What’s your relationship to feminism?
My works owe a lot to how feminist art has paved the way for questions of performance, the body, touch, the crossover of genres, and the ability to transport between different forms.
Your body is often present in your artworks.
I am reclaiming how I want this Black gay male body to be seen and represented. I feel that I have to do this myself, otherwise there’s a risk of misrepresentation. But, like in Chicago, I’m ready to open it up: to delegate, have other people perform. It’s taken time to understand what’s at the core of the work, in order to let this happen. To get to the point of not necessarily owning it, and knowing what the real questions are.
So what are they?
I work with various translations between object and image, image and text, text and performance. I materialize these transitions, and ask how they manifest themselves and make sense. I’m interested in site specificity, and what it means to bring one’s body into specific spaces. I also want to address art-historical questions, and those of what the audience is doing, and what they are looking at. They have to do some work in how they position themselves. I want people to feel like they have a role in interpreting and reading the work. Not everything is laid out for them. There needs to be an investigation.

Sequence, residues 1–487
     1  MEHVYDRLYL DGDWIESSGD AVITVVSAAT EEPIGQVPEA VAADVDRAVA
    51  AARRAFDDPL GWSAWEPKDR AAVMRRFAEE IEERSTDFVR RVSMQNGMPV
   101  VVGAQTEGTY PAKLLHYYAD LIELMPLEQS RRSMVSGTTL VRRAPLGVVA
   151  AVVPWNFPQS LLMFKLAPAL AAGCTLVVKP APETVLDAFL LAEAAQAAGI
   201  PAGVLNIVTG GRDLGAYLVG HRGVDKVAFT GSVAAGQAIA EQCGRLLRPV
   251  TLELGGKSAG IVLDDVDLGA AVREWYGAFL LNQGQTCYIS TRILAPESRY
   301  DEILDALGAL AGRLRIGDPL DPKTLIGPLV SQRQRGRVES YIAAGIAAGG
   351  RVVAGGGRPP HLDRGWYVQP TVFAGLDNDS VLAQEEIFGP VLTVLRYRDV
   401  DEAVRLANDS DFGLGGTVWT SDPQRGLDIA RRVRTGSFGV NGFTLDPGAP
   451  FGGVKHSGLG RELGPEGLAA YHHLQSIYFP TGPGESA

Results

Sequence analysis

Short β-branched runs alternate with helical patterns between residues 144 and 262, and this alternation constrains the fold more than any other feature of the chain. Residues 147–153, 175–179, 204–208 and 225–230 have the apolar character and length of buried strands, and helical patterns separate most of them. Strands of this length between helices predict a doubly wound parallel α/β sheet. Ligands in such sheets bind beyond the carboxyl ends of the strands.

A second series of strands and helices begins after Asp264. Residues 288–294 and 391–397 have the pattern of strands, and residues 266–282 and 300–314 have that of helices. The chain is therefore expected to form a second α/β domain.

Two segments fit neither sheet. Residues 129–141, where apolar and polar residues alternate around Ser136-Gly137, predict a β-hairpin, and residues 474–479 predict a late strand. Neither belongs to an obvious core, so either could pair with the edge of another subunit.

In 2017, you presented Imitation of Lives (2017) at Philip Johnson’s Glass House in Connecticut. The piece responds to the building’s iconic architecture. It evolved in dialogue with Lucy McKenzie’s painting Loos / De Bruycker marble, as well as David Hammons’ In the Hood, texts by Jayne Cortez, Marguerite Duras, Audre Lorde, and Lorenzo Thomas, and other references. Intertextuality is very important to you. Why?
It’s a way of opening things up, of layering, and of showing that things are complex and can’t be reduced. Whether it’s language, literature, or painting, these are different forms of collaboration.
Collaboration is vital within your work.
It stems from a desire to learn from others: what their work is, what their work is about. I once worked with (artist and choreographer) Maria Hassabi and found a shared interest in the body becoming an object. Collaboration is expansive and nourishing. It’s a bit like appropriation, which is about absorbing different practices and concerns.
Perhaps collaboration is consensual appropriation?